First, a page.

This year, South Africa has extended National Nutrition Week to include the National Obesity Week, making the 9th – 19th of October National Nutrition and Obesity Week (NNOW2018).
The theme: “Breakfast – the best way to start your day” was chosen to highlight the importance of the meal and the evidence that 1 in 5 kids skip breakfast in South Africa. While skipping breakfast is known to hamper energy levels in children, so too is eating a breakfast of little nutritional value, like one laden with sugar.
“Eating a healthy breakfast regularly influences brainpower and physical energy on a day-to-day basis. It also affects health over the longer term, as studies have drawn associations with reducing risks of heart disease and strokes, high blood pressure and Type 2 diabetes.” – www.nutritionweek.co.za
In commemorating the importance of this event and good nutrition, we at Abundance Wholesome Foods would like to celebrate the heroes who bring us nutrient-rich, clean food – organic food. As we know, nutritious breakfasts include grains, fruits and vegetables in the form of porridge/ amabele/ sorghum or rolled oats; fruit and vegetable smoothies and plant-based milks, among other food groups. We visited some small-scale organic farmers in Gauteng who grow organic crops that we can incorporate into our breakfasts and other meals, and they operate under the Participatory Guarantee Systems (PGS) to ensure their crops are “clean”.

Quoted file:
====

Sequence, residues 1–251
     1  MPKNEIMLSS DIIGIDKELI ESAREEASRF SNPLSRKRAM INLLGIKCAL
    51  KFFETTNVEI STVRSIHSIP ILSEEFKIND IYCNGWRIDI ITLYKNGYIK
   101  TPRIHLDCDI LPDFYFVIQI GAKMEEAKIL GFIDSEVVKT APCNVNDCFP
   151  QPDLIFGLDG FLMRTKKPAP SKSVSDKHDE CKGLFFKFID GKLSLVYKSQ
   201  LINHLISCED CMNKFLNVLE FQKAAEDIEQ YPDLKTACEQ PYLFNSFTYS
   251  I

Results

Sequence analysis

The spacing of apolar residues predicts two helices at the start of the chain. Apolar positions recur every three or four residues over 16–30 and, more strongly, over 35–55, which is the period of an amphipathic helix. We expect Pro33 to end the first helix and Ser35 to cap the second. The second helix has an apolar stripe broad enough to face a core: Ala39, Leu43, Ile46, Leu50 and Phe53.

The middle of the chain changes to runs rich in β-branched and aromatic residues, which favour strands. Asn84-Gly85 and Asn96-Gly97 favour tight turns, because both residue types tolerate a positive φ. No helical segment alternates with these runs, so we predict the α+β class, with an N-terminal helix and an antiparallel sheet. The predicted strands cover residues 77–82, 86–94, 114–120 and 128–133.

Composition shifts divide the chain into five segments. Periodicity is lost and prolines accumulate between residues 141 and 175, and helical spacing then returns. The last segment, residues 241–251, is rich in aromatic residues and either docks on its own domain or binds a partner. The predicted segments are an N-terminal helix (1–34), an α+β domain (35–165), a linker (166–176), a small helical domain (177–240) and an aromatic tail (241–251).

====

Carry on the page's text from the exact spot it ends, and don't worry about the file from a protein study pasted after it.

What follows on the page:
What are the Participatory Guarantee Systems?
“Participatory Guarantee Systems (PGS) are locally focused quality assurance systems. They certify producers based on active participation of stakeholders and are built on a foundation of trust, social networks and knowledge exchange,” says the International Federation of Organic Agriculture Movements (IFOAM – Organics International). They fully back these local systems as an alternative and way of balancing third-party certification of organic producers, and campaign worldwide for its recognition by governments. Third-party certification is usually too expensive for a small-scale farmer who can’t rely on international exports to cover the costs, and PGS is a response to customer assurance that the food they are buying is truly organic.
PGS in South Africa
PGS South Africa was established in 2011, even though PGS has been in existence for more than 40 years in other countries. As a locally focused system, processes and procedures vary but the “key elements and features” remain the same all over the world. The Bryanston Organic and Natural Market – which is 42 years old this year – established Bryanston Market PGS in 2005 as a response to their customers need for organic assurance. It is a cost-effective and user-friendly audit system for the smallholder farmer. Bryanston Market PGS is currently supporting the development of satellite PGS groups around Johannesburg through a mentoring process. Once established, PGS communities may choose to establish their own identity or stay within the Bryanston Market PGS group.